Practice the chords. The typical protocol of this music is such that you’ll be playing chords at least half the time. You want to get them memorized right away. You also want to practice just being able to “hear them.” I recommend humming the melody and trying guess what the right chord would be. Keep the paper handy to see if you’re right. You really can develop the ability to just hear when a melody indicates a chord change. There can be several “right” ones, but there are clearly wrong ones too. Don’t just learn the chords via muscle memory. You want to know where you are in the harmony at all times via a combination of having learned them intellectually, and by hearing them, if that makes sense. Once you know them well, then you can try different voicings and substitutions to personalize things in the moment. But again, first you have to have a command of the basic harmonic grid. Also, and perhaps more importantly, if you want to improvise, you want to be thinking of the chords (along with the melody) at the same time. I always tell students that I can’t take a decent solo on any tune that I can’t put the guitar down and just say the chords out loud to.
It’s beyond the scope of these performance tips to explore single note improvisation in great detail (stay tuned for a new Guitar Challenge video series about improvisation dropping this Fall though), but here are a few key points: First; while especially in the bluegrass world, there’s seemingly a lot of emphasis on blues ornamentation -use of b3, b5, and b7 for example, it is important to note that the melodies themselves are very much based on the major scale. Your ability to make your own variations is highly contingent upon knowing the major scale well in the key of the tune. Since the sound of open strings is a big part of vernacular of this music, the melodies are almost always played in the open position (we often use the capo to then get many of the tunes into more fiddle and mandolin friendly keys like, say, A). And so tunes are almost always phyically played in just the keys of C, G, and D.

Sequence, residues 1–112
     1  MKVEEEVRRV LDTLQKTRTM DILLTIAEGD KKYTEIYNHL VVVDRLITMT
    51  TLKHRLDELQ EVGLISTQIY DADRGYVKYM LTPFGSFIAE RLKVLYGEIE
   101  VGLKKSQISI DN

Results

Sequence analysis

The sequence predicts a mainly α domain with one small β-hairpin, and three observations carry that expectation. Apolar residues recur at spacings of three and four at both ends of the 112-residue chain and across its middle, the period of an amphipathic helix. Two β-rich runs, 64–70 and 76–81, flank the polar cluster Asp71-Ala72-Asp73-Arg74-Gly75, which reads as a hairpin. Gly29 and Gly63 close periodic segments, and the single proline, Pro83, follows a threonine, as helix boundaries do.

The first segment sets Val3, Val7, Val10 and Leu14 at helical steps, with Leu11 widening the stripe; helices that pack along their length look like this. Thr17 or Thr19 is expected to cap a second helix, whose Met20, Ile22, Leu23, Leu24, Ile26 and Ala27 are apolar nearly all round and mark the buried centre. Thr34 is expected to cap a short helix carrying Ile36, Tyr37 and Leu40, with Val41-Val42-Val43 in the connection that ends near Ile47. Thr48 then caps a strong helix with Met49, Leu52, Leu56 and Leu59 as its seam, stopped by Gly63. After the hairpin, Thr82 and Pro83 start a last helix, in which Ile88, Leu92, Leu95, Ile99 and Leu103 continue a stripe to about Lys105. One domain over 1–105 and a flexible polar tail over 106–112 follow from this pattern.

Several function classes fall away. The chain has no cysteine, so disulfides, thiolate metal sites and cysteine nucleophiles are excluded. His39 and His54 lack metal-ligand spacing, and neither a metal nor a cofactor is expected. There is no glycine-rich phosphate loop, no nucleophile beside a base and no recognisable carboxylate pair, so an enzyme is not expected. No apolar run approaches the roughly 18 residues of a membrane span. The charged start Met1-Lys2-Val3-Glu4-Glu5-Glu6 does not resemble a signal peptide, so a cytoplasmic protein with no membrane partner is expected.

Learning those three open major scales is, well, key. I strongly recommend practicing the scale three times, starting and ending from the root of each of the three chords of the key. So for example, in the key of C, a fiddle tune is very likely to use the chords C, F, and G. So practice playing the C major scale from C to C, pausing on the note C each time you come to a it to reinforce that “C-ness” of the scale to your ear. Then play that same C scale again, but from F to F, again pausing on all of the F’s. It’s very important to understand that you are playing the same C major scale, but from F to F, not the F major scale. Read that last sentence again. Lastly, play that same C major scale, but this time from G to G, pausing on each of the G’s as they go by to drill it into your ears, eyes, and fingers that it’s now a C major scale molded around the important notes of a G chord. Later you can play the scale targeting what you think is the most important note or notes of the melody in each measure to play more mindfully (for want of a better term) rather than just the root. But the root-to-root thing is the gateway for sure, it often is the melody note, and it always sounds great in this music. So drill down on root to root thing for a long time. This concept is actually pretty simple, but may look a little intimidating written here in english. There’s an old video of mine on Youtube wherein I describe and demonstrate this stuff in more detail. I used a jazz standard as the example, but it makes no difference. The bottom line is to not just mindlessly blow scales overtop the chords, but rather contour your thinking to the chords of the moment as they go by.